The University of Arizona

Work ethic and degrowth in a changing Atlantic Canada

Karen Foster

Abstract


Abstract This article draws on interviews, observations, and surveys from two mixed-methods sociological studies of people's relationships to paid and unpaid work to argue that the concept of the work ethic is a fruitful entrypoint for exploring critical issues of work, leisure and consumption in rural places, and indeed anywhere there are efforts to realize degrowth strategies. Then, I survey some of the major themes about work in a selection of widely-cited degrowth writings and argue that the work ethic could use more attention—particularly the question of how the dominant work ethic at any place and time might constrain or enable degrowth as a political-ecological aspiration. This question is actually a hopeful one, because it suggests that in-depth studies of instances where something other than the Protestant, capitalist (i.e. expansion-oriented) work ethic dominates can (and already do!) show us the kinds of culturally-embedded relationships to work that are complimentary to a degrowth agenda. Moreover, such studies show that alternative modes of working are viable. In other words, sociological and anthropological studies can provide empirical evidence that vibrant, meaningful human life can continue in the absence of constant economic growth. Keywords: Degrowth, employment, work, work ethic, sociology, anthropology, rural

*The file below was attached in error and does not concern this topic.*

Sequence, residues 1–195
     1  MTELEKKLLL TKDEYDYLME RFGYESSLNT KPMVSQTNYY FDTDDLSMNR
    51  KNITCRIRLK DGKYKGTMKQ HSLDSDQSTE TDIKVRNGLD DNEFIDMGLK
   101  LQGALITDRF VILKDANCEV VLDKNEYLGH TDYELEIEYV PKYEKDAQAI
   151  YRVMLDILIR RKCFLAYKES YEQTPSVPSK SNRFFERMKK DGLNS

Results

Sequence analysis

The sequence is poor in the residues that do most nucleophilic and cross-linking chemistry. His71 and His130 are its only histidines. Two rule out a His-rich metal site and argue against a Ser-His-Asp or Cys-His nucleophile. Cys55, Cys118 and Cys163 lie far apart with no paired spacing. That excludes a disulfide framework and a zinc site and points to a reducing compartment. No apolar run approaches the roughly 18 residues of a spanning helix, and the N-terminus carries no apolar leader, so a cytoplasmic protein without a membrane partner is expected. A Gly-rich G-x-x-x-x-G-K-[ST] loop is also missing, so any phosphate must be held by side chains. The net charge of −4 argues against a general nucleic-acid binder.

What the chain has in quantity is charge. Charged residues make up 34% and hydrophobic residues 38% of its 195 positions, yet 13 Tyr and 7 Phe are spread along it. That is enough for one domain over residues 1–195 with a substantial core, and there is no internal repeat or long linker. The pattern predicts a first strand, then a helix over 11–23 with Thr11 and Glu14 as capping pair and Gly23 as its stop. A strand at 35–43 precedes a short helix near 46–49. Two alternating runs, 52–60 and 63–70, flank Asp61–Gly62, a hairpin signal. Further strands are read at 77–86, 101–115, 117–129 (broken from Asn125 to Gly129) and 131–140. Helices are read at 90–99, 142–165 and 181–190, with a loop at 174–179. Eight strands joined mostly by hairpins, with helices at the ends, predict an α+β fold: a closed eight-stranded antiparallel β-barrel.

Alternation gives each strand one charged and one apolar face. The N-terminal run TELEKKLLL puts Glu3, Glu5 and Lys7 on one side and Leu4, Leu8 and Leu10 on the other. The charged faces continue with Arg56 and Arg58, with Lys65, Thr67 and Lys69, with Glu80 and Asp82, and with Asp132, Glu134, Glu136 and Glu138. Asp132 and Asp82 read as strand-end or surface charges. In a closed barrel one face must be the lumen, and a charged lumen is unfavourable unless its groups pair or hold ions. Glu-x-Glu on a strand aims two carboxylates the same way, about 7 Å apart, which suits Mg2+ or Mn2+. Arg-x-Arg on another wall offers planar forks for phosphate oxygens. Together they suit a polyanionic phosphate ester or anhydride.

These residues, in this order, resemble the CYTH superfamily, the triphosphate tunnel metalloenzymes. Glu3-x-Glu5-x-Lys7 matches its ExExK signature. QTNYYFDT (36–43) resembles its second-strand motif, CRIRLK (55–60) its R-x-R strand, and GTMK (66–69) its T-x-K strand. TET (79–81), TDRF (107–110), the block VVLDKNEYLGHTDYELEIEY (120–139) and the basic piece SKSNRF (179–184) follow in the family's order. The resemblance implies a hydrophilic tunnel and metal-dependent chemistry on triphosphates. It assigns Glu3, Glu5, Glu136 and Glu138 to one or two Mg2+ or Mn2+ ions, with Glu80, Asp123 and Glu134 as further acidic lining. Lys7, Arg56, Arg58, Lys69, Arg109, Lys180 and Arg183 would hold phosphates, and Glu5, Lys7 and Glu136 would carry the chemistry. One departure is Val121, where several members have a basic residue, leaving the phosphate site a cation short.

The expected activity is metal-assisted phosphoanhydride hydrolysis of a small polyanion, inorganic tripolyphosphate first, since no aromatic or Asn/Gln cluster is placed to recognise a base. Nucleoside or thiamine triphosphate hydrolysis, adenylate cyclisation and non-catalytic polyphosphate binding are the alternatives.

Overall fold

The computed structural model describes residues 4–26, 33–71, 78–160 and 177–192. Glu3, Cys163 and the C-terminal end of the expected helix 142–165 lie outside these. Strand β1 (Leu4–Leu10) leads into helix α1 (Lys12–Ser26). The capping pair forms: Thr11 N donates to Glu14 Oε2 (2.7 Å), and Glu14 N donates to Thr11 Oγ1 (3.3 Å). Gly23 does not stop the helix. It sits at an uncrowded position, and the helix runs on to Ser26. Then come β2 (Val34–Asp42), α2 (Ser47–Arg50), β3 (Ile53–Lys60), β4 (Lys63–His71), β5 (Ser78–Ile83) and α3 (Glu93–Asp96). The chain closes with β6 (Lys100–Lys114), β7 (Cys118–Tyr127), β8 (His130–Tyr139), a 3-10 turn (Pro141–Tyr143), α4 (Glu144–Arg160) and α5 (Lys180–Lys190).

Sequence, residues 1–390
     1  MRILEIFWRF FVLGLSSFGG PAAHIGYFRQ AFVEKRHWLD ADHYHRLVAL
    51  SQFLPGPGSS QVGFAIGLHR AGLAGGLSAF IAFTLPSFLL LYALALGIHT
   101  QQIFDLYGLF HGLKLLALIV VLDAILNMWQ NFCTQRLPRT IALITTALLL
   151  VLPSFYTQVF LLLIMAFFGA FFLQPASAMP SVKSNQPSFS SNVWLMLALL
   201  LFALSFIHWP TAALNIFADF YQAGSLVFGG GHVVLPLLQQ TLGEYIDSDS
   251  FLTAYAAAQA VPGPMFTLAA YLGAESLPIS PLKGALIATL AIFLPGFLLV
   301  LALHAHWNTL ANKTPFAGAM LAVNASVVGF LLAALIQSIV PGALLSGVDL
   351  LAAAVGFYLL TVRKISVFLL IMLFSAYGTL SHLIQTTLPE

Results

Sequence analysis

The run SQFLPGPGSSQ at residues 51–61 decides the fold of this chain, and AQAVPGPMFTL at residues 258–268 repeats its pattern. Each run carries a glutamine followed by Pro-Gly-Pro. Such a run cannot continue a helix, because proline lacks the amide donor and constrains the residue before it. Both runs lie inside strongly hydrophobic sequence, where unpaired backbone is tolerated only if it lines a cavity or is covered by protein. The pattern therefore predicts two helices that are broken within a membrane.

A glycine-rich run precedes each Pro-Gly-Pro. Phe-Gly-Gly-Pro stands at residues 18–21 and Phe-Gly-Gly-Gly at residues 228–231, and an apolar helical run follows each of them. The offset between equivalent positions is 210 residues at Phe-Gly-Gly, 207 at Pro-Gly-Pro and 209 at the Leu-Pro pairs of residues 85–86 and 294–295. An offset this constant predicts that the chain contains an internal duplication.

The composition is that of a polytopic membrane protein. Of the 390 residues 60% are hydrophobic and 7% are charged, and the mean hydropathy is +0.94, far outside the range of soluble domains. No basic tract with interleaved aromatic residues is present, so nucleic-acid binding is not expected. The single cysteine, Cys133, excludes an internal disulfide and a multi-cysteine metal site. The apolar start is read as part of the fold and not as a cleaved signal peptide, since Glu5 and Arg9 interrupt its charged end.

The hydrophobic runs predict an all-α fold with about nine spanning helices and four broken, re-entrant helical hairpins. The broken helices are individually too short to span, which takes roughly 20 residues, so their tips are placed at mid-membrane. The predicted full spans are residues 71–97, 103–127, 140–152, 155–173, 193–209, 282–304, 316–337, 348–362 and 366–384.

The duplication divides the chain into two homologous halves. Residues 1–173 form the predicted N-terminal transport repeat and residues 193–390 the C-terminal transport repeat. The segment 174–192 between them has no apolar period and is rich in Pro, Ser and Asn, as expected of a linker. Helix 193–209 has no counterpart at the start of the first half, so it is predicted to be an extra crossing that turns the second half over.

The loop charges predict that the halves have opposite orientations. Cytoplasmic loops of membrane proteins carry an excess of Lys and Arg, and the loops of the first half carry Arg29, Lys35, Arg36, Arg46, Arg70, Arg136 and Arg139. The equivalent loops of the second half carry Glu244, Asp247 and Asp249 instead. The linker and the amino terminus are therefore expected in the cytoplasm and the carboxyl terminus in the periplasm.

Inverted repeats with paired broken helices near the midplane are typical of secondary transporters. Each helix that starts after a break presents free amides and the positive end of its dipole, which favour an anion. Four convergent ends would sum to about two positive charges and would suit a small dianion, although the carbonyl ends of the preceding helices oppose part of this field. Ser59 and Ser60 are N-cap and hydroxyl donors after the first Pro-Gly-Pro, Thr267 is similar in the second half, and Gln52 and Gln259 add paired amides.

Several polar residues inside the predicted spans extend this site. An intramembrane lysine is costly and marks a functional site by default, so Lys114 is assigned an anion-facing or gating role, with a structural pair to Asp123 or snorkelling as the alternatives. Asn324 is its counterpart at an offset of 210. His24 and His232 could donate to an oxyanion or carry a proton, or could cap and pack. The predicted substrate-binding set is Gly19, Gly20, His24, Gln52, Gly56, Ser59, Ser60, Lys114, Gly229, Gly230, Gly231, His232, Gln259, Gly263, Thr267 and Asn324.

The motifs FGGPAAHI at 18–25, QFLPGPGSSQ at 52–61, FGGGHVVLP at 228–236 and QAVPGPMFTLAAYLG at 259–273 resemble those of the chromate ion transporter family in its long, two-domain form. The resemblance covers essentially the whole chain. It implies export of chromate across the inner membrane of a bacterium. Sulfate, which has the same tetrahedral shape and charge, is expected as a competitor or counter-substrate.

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DOI: http://dx.doi.org/10.2458/v24i1.20902